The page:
One year ago, we examined "What Women Want" from their finance careers and found that they continue to face a number of hurdles as they pursue (or choose not to pursue) the executive ranks. This year we've expanded our focus to include women and minorities, who have also been widely underrepresented in the CFO suite ("Gap Analysis" and "The Great Divide").
As we studied the two groups, some disquieting findings emerged. While women have made significant progress in their march up the finance ladder (the number of female CFOs at America's largest companies has risen from 5 percent in 2001 to 8 percent this year, and at lower levels they often predominate), minorities haven't done nearly as well. In fact, the number of minority CFOs has remained flat for the past five years. Most finance departments are conspicuously white, and when we asked CFOs whether diversity is a priority for them, most said no.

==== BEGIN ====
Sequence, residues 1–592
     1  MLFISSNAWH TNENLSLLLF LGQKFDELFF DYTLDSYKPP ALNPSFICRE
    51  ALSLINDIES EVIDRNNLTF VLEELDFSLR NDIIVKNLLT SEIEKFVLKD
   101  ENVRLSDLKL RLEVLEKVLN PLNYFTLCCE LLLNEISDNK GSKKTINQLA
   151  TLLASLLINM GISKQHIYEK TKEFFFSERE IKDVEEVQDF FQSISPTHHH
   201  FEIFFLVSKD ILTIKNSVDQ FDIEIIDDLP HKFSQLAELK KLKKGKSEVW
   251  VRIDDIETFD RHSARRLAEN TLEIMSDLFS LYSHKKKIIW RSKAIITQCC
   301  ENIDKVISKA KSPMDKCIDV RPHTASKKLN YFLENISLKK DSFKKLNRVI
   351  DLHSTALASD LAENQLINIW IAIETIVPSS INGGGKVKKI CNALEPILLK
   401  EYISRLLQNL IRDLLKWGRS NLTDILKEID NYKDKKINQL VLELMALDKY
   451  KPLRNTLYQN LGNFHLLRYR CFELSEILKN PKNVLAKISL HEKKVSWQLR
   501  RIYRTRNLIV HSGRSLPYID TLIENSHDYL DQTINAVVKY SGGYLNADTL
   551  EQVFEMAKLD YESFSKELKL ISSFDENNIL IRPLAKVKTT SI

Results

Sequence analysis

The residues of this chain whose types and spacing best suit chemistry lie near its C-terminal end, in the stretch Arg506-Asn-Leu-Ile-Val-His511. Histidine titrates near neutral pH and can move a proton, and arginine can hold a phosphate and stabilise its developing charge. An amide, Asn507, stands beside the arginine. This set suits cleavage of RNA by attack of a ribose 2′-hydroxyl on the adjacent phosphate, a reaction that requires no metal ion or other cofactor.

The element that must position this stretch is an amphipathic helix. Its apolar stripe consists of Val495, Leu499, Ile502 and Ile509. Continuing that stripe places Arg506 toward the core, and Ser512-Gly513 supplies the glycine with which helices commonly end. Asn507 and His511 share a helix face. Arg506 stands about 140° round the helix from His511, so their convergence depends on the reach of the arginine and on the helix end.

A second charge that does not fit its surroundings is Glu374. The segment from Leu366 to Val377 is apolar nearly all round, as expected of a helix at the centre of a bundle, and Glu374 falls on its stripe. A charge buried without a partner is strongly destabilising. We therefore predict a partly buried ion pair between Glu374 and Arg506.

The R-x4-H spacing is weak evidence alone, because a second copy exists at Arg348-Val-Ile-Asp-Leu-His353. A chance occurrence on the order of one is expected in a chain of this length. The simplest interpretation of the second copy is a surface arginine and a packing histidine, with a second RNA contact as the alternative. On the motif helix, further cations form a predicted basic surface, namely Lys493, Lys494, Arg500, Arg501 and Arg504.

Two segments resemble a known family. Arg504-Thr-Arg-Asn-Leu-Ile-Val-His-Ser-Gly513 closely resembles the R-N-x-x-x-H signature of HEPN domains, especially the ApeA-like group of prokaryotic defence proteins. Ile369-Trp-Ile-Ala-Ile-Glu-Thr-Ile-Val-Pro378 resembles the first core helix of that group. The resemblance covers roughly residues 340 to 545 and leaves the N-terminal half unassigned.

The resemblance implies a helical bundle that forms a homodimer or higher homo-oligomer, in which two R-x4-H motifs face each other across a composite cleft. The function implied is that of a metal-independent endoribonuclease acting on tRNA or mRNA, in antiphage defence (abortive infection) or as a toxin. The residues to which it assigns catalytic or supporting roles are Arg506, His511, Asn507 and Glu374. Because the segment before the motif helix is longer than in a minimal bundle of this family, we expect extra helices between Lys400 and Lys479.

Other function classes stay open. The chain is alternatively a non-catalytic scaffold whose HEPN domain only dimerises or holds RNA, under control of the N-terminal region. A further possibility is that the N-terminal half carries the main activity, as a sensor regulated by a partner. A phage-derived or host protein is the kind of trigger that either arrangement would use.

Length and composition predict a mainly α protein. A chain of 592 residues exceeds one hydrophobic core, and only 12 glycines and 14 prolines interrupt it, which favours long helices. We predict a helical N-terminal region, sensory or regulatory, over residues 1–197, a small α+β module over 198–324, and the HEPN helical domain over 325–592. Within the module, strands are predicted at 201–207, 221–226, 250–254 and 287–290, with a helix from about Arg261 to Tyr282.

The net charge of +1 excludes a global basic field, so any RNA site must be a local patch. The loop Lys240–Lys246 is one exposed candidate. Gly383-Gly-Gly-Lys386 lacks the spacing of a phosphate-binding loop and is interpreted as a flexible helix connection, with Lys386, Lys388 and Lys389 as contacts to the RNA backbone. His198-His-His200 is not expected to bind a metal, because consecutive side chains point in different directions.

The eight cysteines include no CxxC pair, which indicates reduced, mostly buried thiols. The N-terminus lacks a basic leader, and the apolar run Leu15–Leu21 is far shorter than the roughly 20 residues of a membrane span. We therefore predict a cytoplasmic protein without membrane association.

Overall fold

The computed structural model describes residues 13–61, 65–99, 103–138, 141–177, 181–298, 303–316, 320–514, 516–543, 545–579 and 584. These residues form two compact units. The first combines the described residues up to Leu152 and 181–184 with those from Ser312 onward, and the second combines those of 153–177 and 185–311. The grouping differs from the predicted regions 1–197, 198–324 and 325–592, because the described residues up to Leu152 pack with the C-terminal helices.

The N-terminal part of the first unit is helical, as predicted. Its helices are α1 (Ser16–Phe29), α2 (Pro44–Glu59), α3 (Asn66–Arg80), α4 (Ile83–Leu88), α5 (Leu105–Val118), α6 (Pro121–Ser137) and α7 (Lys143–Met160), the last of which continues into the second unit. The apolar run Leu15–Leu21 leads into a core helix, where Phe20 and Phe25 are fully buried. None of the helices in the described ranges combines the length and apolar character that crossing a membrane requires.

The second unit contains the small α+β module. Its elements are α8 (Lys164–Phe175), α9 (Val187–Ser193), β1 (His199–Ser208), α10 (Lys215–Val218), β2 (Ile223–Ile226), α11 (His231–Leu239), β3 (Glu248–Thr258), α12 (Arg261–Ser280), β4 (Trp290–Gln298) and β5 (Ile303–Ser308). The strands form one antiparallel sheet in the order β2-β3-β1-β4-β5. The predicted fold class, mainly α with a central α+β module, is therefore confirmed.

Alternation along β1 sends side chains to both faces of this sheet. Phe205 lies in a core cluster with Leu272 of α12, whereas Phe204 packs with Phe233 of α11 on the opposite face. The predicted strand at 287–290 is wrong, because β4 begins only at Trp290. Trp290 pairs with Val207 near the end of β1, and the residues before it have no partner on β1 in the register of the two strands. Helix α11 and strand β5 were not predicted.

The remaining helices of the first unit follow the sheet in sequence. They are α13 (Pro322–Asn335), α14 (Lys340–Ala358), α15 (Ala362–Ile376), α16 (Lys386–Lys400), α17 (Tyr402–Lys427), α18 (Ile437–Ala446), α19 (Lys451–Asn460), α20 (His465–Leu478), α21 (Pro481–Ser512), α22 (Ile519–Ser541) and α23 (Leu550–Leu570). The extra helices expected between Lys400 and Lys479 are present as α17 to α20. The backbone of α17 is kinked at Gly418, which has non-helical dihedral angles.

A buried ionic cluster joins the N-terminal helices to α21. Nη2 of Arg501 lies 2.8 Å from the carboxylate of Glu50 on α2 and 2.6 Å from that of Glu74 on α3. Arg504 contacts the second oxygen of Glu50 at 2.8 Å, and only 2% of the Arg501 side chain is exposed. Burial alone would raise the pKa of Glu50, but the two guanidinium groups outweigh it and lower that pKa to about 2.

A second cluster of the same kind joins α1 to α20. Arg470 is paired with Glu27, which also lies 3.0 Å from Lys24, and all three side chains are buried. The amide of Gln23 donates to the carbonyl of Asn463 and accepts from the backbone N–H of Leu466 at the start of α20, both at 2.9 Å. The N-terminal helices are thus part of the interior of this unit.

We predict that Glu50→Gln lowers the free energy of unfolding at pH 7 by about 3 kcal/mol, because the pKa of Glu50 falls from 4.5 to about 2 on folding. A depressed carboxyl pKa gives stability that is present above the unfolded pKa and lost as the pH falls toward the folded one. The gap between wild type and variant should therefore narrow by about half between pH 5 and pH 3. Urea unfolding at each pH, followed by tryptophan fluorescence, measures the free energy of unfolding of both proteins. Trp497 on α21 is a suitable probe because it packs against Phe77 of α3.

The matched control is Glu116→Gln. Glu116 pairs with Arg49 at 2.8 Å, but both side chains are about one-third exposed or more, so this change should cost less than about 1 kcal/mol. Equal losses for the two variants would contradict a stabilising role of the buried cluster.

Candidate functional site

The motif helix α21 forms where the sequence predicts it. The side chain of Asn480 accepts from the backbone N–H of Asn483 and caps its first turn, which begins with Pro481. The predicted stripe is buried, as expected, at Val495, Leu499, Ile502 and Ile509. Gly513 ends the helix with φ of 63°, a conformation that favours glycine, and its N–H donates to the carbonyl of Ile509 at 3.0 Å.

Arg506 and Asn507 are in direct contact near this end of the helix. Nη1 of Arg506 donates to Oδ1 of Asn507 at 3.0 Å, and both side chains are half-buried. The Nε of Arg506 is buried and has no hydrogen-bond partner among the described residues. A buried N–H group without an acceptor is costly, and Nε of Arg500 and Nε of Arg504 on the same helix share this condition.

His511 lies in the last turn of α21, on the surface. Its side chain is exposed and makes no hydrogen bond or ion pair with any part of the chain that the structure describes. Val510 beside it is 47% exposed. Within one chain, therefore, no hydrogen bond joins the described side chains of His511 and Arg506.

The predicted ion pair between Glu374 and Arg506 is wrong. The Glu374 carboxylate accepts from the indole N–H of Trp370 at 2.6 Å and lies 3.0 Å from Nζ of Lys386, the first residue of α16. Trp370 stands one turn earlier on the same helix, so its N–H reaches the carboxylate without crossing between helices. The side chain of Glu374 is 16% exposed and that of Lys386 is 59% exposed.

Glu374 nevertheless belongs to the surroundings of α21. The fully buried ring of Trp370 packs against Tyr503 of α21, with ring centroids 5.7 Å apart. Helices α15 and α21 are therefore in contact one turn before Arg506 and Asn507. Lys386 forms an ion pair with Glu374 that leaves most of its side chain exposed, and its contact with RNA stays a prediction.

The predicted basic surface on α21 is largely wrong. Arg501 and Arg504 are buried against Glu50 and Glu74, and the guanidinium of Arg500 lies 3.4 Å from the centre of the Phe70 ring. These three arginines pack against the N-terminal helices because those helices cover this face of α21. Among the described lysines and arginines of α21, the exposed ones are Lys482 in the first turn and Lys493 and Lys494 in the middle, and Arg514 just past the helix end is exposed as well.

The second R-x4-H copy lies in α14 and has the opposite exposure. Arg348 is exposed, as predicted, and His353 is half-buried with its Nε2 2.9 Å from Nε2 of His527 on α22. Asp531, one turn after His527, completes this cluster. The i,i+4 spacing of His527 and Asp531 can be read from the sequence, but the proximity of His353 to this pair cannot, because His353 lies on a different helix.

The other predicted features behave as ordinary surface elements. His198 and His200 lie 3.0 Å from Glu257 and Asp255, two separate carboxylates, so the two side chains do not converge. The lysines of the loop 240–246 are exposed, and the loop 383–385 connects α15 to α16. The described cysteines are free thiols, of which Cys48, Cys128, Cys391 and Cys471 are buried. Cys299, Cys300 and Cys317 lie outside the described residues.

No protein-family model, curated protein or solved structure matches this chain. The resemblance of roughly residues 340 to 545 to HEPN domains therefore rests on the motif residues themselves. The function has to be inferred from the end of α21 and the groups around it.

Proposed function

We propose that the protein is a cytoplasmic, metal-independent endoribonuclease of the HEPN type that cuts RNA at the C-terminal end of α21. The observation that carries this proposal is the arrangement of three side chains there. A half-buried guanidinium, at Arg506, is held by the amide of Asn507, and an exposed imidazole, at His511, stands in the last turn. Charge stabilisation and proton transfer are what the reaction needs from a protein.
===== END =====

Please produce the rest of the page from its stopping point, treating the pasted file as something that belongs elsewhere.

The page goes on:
To some degree, another set of numbers — the ones describing who does and does not enroll in college accounting programs — helps explain why women are better represented in the discipline than are minorities. In fact, one might argue that the substantial and longstanding presence of women in such programs as well as in mid- and entry-level jobs should have led to even more CFO posts for them by now.
Be that as it may, businesses cannot be completely blind to these issues. Some have begun partnering with colleges to improve minority representation in the finance pipeline, addressing everything from financial aid to internships to recruitment. With enough commitment and time, remarkable things are possible.
Does that mean that CFO's numbers will look significantly different a year from now? That's unlikely. For the foreseeable future, role models such as James Bell of Boeing and Oscar Munoz of CSX will pave the way for additional, if incremental, progress. It's not enough, but it is a start.